The Winterfest Diaries

As any longtime Clevelander will tell you, Winterfest is rooted in the tradition of going downtown during the holiday season — shopping, seeing Santa Claus, checking out the store windows, maybe stopping for a bite to eat. Stores such as the Sterling-Lindner Co. and eateries such as Higbee’s Silver Grille, figure prominently in memories of holidays past. Today, places such as the John Q’s Steakhouse, Tower City, The Arcade and Playhouse Square keep the holiday spirit alive with Kris Kringle sightings and great views of the Winterfest parade — the perfect backdrop for making future holiday memories.

We talked to a few Clevelanders, who share their stories of coming downtown each holiday season, as well as people from downtown institutions who have become an integral part of Winterfest’s present and future.

Family Matters

One of the people who watches the Winterfest parade is Willoughby resident Patty Deming. But she does it from inside John Q’s Steakhouse. The 47-year-old nurse anesthetist began occupying a window table at the restaurant four years ago, an arrangement that better accommodated her ailing mother and her younger sister Laura, who was visiting from Texas with her infant daughter.

“It was too cold for them to stand outside,” Deming recalls. “So we thought, ‘Well, the restaurant is right here on Public Square.’”

Parade-watching at John Q’s is the latest modification to a ritual that began when Deming was very young. Her late father always took a day off work during the holiday season so he could escort the wife and kids downtown. Dad donned a suit for the occasion, while Mom selected a comfortable dress. The girls wore skirts and their good winter coats. “When you went downtown, you got dressed up a little bit,” Deming says. Then they got in the car and drove from their Maple Heights home to the rapid station on Van Aken Boulevard and boarded a downtown train, a trip Deming describes as “a real adventure” for two suburban girls.

The day’s activities included going to the Sterling-Lindner Co. to look at the department store’s enormous Christmas tree, stopping at Halle’s to see Mr. Jingeling, and checking out the elaborate displays in the windows of Higbee’s department store. Lunch was eaten at Woolworth’s lunch counter, dinner at the venerable Silver Grille. Dining at a fancy restaurant, just like their parents did when they went to Top of the Town or Pier W on a Saturday night, was a special treat for the girls — even if they only ordered hamburgers from the children’s menu.

“We did some shopping,” Deming says, “but the trip was more to enjoy the holiday decorations and festivities.”

She continued the Deming family tradition by taking her own daughter, Christina, downtown in the early 1990s. The duo always visited The Twigbee Shop at Higbee’s, where personal shoppers dressed as elves helped children pick out gifts for their families. The trip to The Avenue eventually morphed into the gathering at John Q’s.

The group at Deming’s table typically includes Christina, Laura’s husband and two children, Patty and Laura’s mother, and Patty’s fiance. After a leisurely dinner, members of the party leave the table and go outside to get a better look at the Winterfest proceedings, a candlelight carriage parade, fireworks and special exhibits such as ice carving on East Fourth Street. But she jokingly expresses regret at revealing the family’s favorite parade spot.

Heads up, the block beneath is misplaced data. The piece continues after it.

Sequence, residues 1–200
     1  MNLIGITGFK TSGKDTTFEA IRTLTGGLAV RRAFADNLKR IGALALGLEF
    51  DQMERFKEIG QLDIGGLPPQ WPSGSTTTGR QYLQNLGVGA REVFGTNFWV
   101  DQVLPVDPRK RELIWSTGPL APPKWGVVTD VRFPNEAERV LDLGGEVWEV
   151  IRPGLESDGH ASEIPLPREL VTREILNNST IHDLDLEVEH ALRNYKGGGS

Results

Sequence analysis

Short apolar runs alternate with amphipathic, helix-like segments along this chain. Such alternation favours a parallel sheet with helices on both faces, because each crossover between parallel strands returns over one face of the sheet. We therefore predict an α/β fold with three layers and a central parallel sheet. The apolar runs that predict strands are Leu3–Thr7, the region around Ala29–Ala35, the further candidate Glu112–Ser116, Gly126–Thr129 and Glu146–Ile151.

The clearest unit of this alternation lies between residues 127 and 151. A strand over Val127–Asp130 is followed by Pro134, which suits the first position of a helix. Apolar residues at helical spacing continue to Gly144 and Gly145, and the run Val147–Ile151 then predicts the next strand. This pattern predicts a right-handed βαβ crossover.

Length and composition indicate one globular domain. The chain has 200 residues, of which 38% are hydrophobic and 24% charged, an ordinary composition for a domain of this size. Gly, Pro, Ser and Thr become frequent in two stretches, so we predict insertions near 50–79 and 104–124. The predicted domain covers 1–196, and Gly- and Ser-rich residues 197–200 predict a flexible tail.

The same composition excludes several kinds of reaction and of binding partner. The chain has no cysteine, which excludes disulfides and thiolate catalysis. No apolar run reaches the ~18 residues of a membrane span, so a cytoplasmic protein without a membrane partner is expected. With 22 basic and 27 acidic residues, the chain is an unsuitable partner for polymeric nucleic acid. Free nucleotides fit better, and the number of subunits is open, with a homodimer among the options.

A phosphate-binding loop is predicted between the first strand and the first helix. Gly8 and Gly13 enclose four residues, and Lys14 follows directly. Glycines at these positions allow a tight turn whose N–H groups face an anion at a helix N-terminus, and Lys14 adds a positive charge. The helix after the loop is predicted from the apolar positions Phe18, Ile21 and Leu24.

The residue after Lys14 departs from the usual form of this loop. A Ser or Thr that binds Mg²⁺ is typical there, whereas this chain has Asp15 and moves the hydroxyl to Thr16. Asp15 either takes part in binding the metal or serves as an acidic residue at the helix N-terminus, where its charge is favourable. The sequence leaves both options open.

“Now we won’t be able to get a table!” she exclaims.

Best Seat in the House

John Q’s Steakhouse has long been a favorite spot for holiday revelers looking to enjoy a view of Public Square lighting ceremonies. Since the first Winterfest parade made its way through the streets of downtown Cleveland, it has become a prime piece of real estate. The eatery, opened in 1959 by Stouffer Foods, is the only Public Square restaurant directly on the parade route. Other dining locations along the parade route are located on West 6th Street in the Historic Warehouse District. Owner Rick Cassara says a dozen or so tables — five of them directly in front of a window — offer good views of the annual holiday procession. The best are reserved months in advance by people who prefer enjoying a sit-down dinner to standing along the streets on what can be a very cold November night.

“The parade surrounds the restaurant, so there’s no vehicular traffic in the area,” Cassara says. “It’s a very busy night for us. After the lighting ceremony and everything is done, everyone just floods in.”

Cassara plans to open a little earlier than his usual 4 p.m. on the day of Winterfest to accommodate early arrivals and augment the steak-and-seafood menu with a number of seasonal specials. (Items will include pumpkin soup, roast pork loin with apple chutney, and boneless shortribs.) The bartender has already concocted a couple of specialty drinks in honor of the occasion: a “snowflake cocoa” spiked with peppermint schnapps and topped with whipped cream and candy-cane sprinkles; a pumpkin-pie martini made with pumpkin-spice liqueur, Stoli vanilla, Buttershots and Bailey’s Irish Cream and served in a glass with a cinnamon-sugar rim; and a more traditional hot mulled wine. A children’s menu is available.

“There’s a lot of families, young couples, people who have been coming here for years,” Cassara says. “Many people have made a tradition out of coming downtown and going to John Q’s.”